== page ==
Take me to Student Hera

Key Words

high-energy, gamma-rays, X-rays, matrix addition, matrix subtraction, actual data, satellite, Compton Gamma-Ray Observatory (CGRO), detector, photon, binned data, cell, statistical significance, statistical analysis, sigma, standard deviation, normal distribution

REFERENCE: Statistics Every Writer Should Know , URL: http://nilesonline.com/stats/index.html The Math Vantage Project of the Nebraska Mathematics and Science Coalition, P.O. Box 880326, Lincoln, Nebraska 68588-0231.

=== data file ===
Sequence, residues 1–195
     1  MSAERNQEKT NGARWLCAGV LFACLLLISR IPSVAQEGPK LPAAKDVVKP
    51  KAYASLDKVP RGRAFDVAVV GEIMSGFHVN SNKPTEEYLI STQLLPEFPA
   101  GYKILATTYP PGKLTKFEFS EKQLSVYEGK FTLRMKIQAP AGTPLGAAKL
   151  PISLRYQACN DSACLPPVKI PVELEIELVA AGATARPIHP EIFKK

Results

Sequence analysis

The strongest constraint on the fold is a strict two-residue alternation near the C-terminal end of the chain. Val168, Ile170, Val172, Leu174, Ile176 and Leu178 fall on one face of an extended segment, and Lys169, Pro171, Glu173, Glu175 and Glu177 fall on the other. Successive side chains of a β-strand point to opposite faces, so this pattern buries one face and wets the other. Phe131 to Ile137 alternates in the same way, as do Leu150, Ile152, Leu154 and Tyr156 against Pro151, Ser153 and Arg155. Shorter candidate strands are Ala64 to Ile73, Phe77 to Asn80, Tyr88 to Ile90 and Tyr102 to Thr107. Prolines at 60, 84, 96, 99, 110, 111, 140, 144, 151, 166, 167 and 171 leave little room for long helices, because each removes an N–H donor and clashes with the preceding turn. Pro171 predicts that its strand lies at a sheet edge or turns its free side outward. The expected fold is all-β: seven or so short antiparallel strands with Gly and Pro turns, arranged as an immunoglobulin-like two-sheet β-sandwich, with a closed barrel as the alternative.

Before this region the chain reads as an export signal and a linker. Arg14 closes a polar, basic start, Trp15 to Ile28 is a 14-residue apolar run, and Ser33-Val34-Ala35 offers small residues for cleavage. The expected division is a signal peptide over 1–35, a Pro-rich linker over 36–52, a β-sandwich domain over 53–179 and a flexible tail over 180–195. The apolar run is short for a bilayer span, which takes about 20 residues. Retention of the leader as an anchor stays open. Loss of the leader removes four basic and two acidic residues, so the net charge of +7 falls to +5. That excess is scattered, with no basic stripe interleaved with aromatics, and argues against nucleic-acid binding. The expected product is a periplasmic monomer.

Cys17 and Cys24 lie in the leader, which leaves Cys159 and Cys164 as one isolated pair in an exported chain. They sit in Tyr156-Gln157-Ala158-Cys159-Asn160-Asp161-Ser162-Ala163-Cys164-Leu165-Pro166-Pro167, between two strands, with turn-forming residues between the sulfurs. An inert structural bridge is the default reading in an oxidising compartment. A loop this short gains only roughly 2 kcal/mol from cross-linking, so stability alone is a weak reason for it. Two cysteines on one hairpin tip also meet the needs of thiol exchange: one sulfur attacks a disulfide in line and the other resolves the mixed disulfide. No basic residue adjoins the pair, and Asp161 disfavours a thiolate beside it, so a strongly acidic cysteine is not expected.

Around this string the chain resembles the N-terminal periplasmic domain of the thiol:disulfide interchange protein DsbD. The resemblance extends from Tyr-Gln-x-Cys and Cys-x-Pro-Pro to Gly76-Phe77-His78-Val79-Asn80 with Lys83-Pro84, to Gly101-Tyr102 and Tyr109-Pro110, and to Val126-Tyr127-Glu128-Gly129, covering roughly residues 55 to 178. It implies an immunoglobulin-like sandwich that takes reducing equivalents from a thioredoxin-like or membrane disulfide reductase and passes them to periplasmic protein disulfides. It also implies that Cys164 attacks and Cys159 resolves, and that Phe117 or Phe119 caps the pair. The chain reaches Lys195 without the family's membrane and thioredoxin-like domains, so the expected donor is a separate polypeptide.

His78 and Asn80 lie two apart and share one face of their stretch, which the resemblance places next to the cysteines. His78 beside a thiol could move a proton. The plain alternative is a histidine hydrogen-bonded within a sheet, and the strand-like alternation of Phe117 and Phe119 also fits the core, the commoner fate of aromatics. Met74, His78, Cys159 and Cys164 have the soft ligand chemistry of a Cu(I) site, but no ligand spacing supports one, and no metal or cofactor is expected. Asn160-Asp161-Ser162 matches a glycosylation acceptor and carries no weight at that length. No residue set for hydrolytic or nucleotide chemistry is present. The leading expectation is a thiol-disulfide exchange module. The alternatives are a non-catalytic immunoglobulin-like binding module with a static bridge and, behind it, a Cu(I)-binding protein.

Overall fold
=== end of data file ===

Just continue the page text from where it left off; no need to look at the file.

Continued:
If words seem to be missing from the articles, please read this.

Imagine the Universe! is a service of the High Energy Astrophysics Science Archive Research Center (HEASARC), Dr. Alan Smale (Director), within the Astrophysics Science Division (ASD) at NASA's Goddard Space Flight Center.

The Imagine Team
Project Leader: Dr. Barbara Mattson
Curator: Meredith Gibb
Responsible NASA Official: Phil Newman
All material on this site has been created and updated between 1997-2014.
This page last updated: Thursday, 25-Mar-2010 13:56:32 EDT